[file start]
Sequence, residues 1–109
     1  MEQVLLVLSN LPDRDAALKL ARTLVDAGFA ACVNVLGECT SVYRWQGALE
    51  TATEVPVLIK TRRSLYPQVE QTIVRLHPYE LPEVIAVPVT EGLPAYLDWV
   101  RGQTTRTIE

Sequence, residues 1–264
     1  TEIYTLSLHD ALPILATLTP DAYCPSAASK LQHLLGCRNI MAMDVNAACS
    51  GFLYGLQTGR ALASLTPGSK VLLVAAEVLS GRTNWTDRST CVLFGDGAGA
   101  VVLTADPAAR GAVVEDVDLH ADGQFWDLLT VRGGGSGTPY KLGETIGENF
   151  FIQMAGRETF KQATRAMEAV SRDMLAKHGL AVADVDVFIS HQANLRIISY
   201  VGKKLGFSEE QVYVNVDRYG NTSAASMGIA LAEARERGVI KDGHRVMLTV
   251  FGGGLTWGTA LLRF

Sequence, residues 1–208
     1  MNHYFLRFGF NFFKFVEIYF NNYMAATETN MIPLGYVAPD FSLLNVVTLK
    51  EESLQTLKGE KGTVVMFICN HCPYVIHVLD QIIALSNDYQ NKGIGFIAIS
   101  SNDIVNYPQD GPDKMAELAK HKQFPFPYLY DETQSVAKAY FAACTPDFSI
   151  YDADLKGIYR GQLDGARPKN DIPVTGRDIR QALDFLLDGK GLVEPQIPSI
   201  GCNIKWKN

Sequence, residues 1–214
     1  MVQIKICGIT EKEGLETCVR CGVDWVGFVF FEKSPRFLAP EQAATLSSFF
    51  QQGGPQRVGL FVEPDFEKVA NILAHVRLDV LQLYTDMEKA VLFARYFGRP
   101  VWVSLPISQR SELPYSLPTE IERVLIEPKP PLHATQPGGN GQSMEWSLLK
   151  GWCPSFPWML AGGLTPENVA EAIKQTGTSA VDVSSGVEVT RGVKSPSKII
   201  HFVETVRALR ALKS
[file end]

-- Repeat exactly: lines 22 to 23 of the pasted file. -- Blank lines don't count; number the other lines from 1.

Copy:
   151  GWCPSFPWML AGGLTPENVA EAIKQTGTSA VDVSSGVEVT RGVKSPSKII
   201  HFVETVRALR ALKS